Even Fawwaz Trabulsi, in his new book, The Modern History of Lebanon, thinks that Mount Lebanon (The ‘Imara that is) enjoyed some ‘degree of autonomy’, since the 16th century. I have a problem with the concept of “autonomy”. I am reading the Arabic version of the book, that Trabulsi himself wrote (he originally wrote in English), where he uses the word ‘istiqlal’. First of all, if it is administrative autonomy we are talking about then yes, as long as you were paying your taxes and aligning ‘foreign policy’ (if that meant anything for confessional feuds) with Ottoman’s interest, you can call the rest of the bothersome task of making these people agree on things an autonomous process. But that’s without counting the numerous wheeling and dealings that Ottoman, French, British, etc. diplomats had to go through to make the system work.

Nothing different from Syrian ‘occupation’, or before that French Mandate and its sequels. The only thing that probably helped foster the “Lebanese” political model is the slowly crystallizing sectarianism that still changed in modes of action after the fall of the Ottoman empire.

But I want to go beyond that. No historian is able to go out of reading history without using present concepts. Instead of trying to locate a ‘starting point’ in Lebanon’s history, why not look at how the different imaginative spheres that created the idea of “Lebanon” or “being Lebanese” changed over time (according to changing political social and economic factors). Then we could probably fix this particular way of writing history. For me, evaluating ‘degrees of autonomy’ is falling in this trap because it emanates from a very present concern, a concern of justifying Lebanese statehood ‘now that it exist’.

My grand uncle passed away recently at the age of 101. There is a lot to be said about this man who was a diplomat and who saw the rise of the present political state, unfortunately, I never had a chance to talk to him and lately he was kind of tripped out. Everybody in the family directly affected by his heritage was eagerly waiting for this moment. He was the proprietor of a beautiful old house in Amchit built by my Great great grandfather (The grandfather of my grandfather let’s say). Anyway, now cousins and what have you are snatching their percentage share of the house. I went there two days ago to see an uncle who was packing stuff, and I stumbled on a picture of my ancestor with his Turkish tarboush, his Ottoman long mustache, his Sherwal and nice collarless jacket. He had this virile, piercing look while holding in one hand one of his kid and in the other, his wife, who’s semi-veiled by the way: the black long veil that Maronite women wore in villages.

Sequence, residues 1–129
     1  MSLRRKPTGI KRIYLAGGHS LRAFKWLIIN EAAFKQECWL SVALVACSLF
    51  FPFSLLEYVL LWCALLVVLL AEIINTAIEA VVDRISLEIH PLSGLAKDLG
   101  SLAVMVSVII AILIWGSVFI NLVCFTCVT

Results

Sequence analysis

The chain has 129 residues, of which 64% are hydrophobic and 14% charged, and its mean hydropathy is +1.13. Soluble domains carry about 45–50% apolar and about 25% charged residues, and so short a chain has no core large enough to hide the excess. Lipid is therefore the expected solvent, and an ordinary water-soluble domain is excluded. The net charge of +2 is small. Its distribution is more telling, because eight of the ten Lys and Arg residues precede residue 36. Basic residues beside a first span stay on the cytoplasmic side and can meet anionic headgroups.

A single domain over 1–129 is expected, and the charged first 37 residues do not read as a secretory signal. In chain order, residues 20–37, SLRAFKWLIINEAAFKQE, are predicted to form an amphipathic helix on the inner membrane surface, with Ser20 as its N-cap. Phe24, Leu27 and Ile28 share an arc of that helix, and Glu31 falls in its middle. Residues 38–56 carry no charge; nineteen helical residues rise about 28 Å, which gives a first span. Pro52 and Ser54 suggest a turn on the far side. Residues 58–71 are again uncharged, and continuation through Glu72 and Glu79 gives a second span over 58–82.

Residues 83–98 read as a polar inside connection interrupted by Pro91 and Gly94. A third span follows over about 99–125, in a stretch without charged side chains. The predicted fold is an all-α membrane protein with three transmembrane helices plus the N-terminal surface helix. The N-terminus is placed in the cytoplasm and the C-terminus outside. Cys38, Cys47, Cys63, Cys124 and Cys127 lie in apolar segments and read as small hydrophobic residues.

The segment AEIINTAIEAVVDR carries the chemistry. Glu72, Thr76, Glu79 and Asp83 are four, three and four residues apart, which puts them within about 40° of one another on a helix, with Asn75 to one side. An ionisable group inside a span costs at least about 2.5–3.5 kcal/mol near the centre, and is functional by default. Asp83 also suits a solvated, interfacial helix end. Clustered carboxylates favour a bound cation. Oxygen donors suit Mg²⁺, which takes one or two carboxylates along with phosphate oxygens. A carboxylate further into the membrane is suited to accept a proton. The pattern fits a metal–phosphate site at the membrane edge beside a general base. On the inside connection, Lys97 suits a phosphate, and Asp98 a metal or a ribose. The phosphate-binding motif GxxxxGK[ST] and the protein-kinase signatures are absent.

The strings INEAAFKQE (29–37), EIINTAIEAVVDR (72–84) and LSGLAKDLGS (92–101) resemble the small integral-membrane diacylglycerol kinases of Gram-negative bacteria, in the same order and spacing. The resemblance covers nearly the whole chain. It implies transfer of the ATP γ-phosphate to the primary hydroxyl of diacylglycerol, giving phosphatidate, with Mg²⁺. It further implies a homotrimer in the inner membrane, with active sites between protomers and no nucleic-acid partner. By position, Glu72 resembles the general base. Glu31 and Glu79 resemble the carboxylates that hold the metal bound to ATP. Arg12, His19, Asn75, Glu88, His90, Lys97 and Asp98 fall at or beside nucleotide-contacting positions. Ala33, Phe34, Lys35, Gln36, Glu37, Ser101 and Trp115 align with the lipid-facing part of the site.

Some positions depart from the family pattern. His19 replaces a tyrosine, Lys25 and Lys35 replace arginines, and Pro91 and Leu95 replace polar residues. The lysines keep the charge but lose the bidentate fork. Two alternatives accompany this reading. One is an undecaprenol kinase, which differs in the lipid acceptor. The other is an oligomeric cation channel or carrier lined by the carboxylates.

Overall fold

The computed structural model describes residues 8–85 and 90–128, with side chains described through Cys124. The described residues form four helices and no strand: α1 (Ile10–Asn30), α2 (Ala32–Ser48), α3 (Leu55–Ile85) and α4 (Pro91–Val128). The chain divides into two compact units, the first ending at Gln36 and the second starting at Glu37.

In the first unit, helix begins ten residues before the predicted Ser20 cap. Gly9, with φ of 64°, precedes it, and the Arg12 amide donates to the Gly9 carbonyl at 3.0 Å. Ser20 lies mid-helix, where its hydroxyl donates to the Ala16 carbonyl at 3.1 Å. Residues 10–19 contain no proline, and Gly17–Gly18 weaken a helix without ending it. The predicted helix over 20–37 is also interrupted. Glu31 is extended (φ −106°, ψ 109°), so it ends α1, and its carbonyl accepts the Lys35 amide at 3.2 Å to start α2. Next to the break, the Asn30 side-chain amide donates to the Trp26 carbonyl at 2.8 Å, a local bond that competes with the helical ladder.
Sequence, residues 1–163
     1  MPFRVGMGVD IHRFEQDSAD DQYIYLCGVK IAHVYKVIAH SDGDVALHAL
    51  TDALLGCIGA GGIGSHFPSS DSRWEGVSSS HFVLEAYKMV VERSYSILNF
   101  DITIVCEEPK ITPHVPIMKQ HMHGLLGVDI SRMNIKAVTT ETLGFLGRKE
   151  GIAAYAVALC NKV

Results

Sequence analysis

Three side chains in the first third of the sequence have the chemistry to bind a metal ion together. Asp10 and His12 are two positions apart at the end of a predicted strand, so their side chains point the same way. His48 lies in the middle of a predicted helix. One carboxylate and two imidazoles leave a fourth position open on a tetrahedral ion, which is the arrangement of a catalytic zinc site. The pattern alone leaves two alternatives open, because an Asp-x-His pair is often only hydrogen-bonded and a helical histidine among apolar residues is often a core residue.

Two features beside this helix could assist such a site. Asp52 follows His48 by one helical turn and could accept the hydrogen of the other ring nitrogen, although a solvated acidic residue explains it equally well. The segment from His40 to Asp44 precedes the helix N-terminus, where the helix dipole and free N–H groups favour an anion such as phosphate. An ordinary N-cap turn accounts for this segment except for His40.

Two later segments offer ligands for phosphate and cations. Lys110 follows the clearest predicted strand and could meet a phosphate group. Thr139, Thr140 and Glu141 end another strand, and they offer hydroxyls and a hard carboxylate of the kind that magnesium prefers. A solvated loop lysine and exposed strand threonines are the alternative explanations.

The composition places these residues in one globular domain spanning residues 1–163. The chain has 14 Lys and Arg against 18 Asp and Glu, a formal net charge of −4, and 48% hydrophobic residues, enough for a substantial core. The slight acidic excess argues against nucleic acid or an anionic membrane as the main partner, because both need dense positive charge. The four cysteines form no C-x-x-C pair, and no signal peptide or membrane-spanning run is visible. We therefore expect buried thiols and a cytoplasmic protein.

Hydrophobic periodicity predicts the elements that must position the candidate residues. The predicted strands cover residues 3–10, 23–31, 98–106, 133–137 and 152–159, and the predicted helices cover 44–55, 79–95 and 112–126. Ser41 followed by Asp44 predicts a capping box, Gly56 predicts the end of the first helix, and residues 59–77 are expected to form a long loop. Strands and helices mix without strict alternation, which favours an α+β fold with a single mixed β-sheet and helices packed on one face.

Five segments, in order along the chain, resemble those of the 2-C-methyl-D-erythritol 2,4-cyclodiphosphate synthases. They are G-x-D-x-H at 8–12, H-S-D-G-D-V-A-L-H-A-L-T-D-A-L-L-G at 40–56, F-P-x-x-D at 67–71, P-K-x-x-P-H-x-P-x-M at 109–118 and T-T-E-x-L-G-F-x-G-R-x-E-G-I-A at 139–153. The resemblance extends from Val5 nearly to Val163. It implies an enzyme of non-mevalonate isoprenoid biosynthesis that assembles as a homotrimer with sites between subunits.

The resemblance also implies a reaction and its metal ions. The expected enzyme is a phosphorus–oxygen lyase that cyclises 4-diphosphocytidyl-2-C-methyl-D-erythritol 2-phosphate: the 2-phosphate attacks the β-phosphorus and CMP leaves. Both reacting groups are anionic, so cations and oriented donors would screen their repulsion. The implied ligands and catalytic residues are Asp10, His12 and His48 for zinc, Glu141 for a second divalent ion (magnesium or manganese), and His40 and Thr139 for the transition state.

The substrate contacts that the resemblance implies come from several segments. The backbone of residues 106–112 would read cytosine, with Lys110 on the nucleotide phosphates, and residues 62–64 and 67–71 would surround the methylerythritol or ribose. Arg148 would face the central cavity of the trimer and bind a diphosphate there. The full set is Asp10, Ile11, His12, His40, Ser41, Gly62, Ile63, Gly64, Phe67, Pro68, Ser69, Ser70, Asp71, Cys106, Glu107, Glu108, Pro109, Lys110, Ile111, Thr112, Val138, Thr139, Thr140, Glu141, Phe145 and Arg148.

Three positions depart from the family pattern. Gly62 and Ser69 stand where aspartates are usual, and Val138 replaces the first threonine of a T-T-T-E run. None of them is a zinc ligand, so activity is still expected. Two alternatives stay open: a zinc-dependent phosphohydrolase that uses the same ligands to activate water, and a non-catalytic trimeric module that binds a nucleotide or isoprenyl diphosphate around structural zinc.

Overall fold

This Great great grandfather had made a door inside the house with an Ottoman inscription and the Ottoman crescent and star on top of it. Now why would he do such a thing? Next to his picture, my uncle had put up a picture of his son (the son of the GGgfather, grandfather of my uncle), taken probably 20 or so years later, dressed in a European suit, with French style hair of the 1920s, and kind of a feminine allure. Between one epoch and the other there is the fall of an immense administrative edifice, and the rise of a new one, the nation-state.

How did my Great great grandfather think of himself? Probably that he was an “Ottoman subject’, a Maronite Christian, an Arab (?) whatever that signified for him at the time, a silk and salt trader who needed to be on good terms with Ottoman political circles and many many other things that reminds us that the concept of ‘identity’ is so phony. It does not mean that my GGGfather thought highly of the Ottoman empire, or maybe he did, and all that does not really matter. The point is that he was trapped in a completely different worldview, he was playing by very different rules of the game to ‘become’ what he wants to ‘become’.

So What did “Lebanon” mean to my GGGfather? Surely not what it means to Fawwaz Trabulsi or to any “Lebanese” subject today, including me. How can we recapture what it meant to him and how it was different from what it meant to his son twenty years later, during the French mandate?

Before the concept of Independence!

As some of you know, today is ‘independence day’ for what came to be called the “Lebanese”. This time I won’t bother you with my sentences. I’ll just translate Ziad Rahbani’s column that sums well my point of view (bear in mind that the joke is made in the Arabic language and that the gist is completely lost, but the idea I want to arrive at is fortunately not, so yes I prove again that I am desperately boring):

– Ok but before the Israeli planes, dad, who was violating Lebanese airspace?
– Nobody was violating it.
– You mean that our sky was free and clean?
– no, it was not our sky
– How come?
– It was the British planes violating Syrian airspace
– What has Syria got to do with it?
– Son, do you at least know that today is independence day?
– Yes I know
– Fair enough, but apart from that, it does not seem you know much.
– What do you mean?
– Because before this celebration day, we were at rest from all the meanings of independence and from its skies, and from the violation of our sky by Israel, and the skies of the school I send you to, and from your sky! Do you understand my son?!

The Saga Continues …

Confrontations between Hamas and Fatah members erupted in at least two Palestinian refugee camps in Lebanon over the weekend, raising fears that the situation in the Palestinian Territories might spill over into Lebanon’s camps.